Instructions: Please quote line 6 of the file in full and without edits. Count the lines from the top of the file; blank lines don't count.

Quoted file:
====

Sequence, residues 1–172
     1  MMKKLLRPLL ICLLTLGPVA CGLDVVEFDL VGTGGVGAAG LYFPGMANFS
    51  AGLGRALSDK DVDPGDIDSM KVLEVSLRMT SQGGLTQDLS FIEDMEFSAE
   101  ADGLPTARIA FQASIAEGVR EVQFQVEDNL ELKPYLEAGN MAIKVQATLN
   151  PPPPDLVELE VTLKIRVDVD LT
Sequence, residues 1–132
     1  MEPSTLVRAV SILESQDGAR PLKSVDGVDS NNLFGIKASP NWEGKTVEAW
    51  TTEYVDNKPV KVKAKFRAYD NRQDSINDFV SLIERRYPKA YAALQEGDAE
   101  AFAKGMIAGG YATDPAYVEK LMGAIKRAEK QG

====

Sequence, residues 1–132